How Does Our High Speed Internet Work?

by Julia Hall

High speed internet is so common today that it is frequently taken for granted. However, high speed internet did not always exist in our world, and the mechanisms behind it are highly complex. The high speed internet we enjoy today would not ever have been possible without the development of computers, which occurred in the 1950s. Soon after computers were developed, engineers learned to connect them to each other using a network. In 1982, the network connecting computers was standardized so that all computers across the globe could be connected to one another.

At first, only government organizations were able to take advantage of this interconnected network. In the late 1980s, however, commercial internet service providers began emerging and offering their services. In 1995, the internet became fully commercialized. Since this time, electronic mail, internet phone calls, video calls, instant messaging, online shopping, and social networking have had dramatic effects on commerce and popular culture around the world. As engineers continue to develop new technology, higher amounts of information are able to be transmitted over the internet at ever-increasing speeds. The fastest internet connections are commonly known as "high speed internet."

High speed internet access allows a user to receive and send data over the internet at much higher speeds than those typically available with traditional dial-up internet service. According to the FCC (Federal Communications Commission), high speed internet service is any service with a speed faster than 200 kbps in at least one direction. High speed internet works by connecting users to the World Wide Web using a high-speed digital transmission technology. The technology sends all information, including text, sound, and images, digitally by breaking it into "bits." High speed transmission technologies are capable of moving bits back and forth from the World Wide Web to an individual computer much faster than wireless connections and telephone lines.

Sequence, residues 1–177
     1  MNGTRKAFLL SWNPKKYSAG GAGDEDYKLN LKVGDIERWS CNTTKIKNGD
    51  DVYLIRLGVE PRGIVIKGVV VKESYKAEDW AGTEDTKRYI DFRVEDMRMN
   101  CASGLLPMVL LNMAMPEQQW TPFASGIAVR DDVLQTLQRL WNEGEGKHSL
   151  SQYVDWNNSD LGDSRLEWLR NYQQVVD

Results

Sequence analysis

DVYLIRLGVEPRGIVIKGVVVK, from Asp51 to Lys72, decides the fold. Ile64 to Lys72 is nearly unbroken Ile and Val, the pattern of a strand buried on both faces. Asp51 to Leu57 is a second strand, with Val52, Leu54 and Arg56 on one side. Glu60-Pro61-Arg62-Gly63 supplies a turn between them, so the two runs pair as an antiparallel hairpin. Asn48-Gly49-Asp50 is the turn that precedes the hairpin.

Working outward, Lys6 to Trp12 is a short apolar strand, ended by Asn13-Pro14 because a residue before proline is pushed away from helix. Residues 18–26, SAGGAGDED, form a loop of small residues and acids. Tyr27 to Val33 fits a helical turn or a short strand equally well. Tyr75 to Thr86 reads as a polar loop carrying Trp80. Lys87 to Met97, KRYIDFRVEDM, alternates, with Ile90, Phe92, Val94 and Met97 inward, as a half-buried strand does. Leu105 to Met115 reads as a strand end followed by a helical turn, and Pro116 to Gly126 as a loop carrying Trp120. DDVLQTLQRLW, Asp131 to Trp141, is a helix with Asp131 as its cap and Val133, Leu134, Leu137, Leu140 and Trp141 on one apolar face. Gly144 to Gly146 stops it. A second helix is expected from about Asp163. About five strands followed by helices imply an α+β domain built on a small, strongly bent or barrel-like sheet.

When a user purchases high speed services, the provider must first set up a connection in the user's home or office. Existing telephone wiring, electrical wiring, or a coaxial cable can be used to connect the user's computers to the high speed connection. In some cases, the user may be able to connect his computers to the service provider wirelessly. If the user has multiple computers in his home, he can also use a wireless home network to connect all the computers to high speed internet.

Depending on the location of the user, there may be several types of high speed internet available, including Broadband over Power Line, satellite, wireless, fiber, cable modem, and DSL. Broadband over Power line is a new technology that uses existing power lines to transmit data. High speed internet via satellite utilizes the signals from satellites orbiting the earth to provide service. Though more costly, this form of service is ideal for remote or sparsely populated regions. Wireless high speed internet requires a radio link between the service provider and the customer. Fiber high speed internet uses fiber optics to provide service by converting data to light and transmitting it over a thin glass fiber. A cable modem utilizes coaxial cables similar to those used to transmit television signals. DSL, or a digital subscriber line, is a wired technology that utilizes copper telephone lines that are already installed in a business or home.

To obtain high speed internet services, users must typically contact a local provider, such as a telephone company, satellite company, or cable company. The exact prices and services available will vary considerably according to location and the package selected. In addition, the maximum connection speed will vary according to method of transmission. Depending on the situation, users may be able to install the required equipment themselves using instructions provided by the company, or they may need to wait for a certified technician to complete the installation.

To learn more about high speed internet and how it works, consult the links below:



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